Former Dallas Cowboys great Drew Pearson was surrounded by family and friends when he realized he had been passed over for the Pro Football Hall of Fame Centennial Class on Wednesday.
A video showed Pearson upset and understandably frustrated when he found out he was not a part of the group that was going to be enshrined to the Hall of Fame this summer.
“They broke my heart,” Pearson says in the clip.
The former Cowboys receiver is the lone member of the 1970s All-Decade team who is not in the Pro Football Hall of Fame. He later told ESPN that he’s not giving up hope about one day making it to Canton, Ohio.
“It’ll stick with me until later today and after all these texts and internet stuff stops coming through, and I’ll move on,” he said. “This is the story of my life. Nothing has ever come easy. I came in here as [an] undrafted free agent. I had a bone disease as a kid, went to Tulsa, had three losing seasons in four years, three head coaches in four years, on probation three years, not getting drafted, signing for $150, making the team, overcoming the odds with 100 rookies in camp. Then turning that opportunity after making it. I made All-Pro my second year, had over 1,000 yards my second year.”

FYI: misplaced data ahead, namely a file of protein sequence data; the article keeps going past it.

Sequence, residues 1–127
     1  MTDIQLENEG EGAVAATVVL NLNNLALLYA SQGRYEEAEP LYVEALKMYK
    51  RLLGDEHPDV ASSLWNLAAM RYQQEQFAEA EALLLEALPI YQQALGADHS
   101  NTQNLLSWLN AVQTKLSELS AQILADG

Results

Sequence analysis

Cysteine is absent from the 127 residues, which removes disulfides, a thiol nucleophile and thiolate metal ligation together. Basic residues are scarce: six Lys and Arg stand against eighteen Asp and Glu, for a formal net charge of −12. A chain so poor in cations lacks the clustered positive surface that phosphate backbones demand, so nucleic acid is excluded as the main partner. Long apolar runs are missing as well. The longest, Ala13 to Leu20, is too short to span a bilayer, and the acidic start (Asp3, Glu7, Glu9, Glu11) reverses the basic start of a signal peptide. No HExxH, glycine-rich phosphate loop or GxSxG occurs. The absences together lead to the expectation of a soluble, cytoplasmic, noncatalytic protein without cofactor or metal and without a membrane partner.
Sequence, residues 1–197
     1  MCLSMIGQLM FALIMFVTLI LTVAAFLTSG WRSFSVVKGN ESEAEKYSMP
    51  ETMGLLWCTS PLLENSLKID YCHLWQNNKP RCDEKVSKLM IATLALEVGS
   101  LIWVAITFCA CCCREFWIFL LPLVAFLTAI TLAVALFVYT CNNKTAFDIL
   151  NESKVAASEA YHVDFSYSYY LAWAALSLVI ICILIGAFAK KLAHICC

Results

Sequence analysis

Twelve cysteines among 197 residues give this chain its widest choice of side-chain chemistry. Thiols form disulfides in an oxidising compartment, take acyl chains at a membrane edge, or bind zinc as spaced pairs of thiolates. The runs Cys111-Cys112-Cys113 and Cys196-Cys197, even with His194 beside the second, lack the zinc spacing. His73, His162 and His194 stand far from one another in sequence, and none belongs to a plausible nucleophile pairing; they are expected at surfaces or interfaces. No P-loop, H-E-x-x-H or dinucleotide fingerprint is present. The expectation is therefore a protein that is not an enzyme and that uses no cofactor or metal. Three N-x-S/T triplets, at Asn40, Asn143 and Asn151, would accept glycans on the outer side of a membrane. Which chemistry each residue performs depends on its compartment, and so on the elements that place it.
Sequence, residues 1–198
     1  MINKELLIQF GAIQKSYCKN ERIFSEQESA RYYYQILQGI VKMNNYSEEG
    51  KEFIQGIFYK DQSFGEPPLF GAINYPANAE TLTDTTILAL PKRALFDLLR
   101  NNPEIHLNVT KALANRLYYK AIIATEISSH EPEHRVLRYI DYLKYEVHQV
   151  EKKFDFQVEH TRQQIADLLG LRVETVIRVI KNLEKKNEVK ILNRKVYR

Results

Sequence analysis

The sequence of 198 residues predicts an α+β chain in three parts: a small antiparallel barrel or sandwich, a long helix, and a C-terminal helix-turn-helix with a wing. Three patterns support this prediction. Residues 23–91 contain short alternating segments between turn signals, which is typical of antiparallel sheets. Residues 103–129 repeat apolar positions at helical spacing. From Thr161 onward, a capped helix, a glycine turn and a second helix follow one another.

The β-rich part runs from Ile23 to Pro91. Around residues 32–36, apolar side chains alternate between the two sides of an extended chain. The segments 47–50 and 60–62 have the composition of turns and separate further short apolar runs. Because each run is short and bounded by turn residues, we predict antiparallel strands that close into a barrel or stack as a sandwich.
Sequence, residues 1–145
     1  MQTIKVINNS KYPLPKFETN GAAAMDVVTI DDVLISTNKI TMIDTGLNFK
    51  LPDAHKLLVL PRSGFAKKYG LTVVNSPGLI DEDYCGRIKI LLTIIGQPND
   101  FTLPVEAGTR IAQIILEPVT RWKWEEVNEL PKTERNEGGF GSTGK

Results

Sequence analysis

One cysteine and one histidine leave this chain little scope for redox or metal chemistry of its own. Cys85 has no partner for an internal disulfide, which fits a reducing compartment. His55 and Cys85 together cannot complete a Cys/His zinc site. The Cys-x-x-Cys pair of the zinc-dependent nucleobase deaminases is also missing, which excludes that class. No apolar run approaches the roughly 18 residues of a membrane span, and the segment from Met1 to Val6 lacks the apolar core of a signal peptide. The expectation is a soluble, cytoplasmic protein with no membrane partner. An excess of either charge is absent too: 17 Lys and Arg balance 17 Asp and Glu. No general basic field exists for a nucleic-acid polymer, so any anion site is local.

“It’s like that Robert Frost poem. I’ve taken the road less traveled. My career was always about the road less traveled,” Pearson said.
Pearson said he was happy for the guys who did get in and didn’t want his frustrations to take away from their day. His former teammate and safety Cliff Harris, former NFL Commissioner Paul Tagliabue; offensive linemen Jim Covert, Winston Hill and Duke Slater; wide receiver Harold Carmichael, defensive ends Ed Sprinkle and Mac Speedie, defensive backs Bobby Dillon and Donnie Shell, defensive tackle Alex Karras and former general manager George Young were named to the Hall of Fame’s Centennial Class.
“If it happens, I’ll be so appreciative,” Pearson said. “I’ll still be the same excited because I think I deserve it and hopefully one day it happens. If it doesn’t, I can’t just wait around for that. I can’t sit and hope anymore.
“If you can’t get in on your merits as an All-Decade player of the ’70s and watch others who did make it that weren’t All-Decade players, I’m not discounting them,” he added. “All I’m saying is if they are, then I am too. That’s what’s frustrating. I respect the process, but I was disappointed with the way this played out.”
Pearson spent his entire career, from 1973 to 1983, with the Cowboys. He had 489 receptions for 7,822 yards and 48 touchdowns. He was a three-time All-Pro receiver and won one Super Bowl.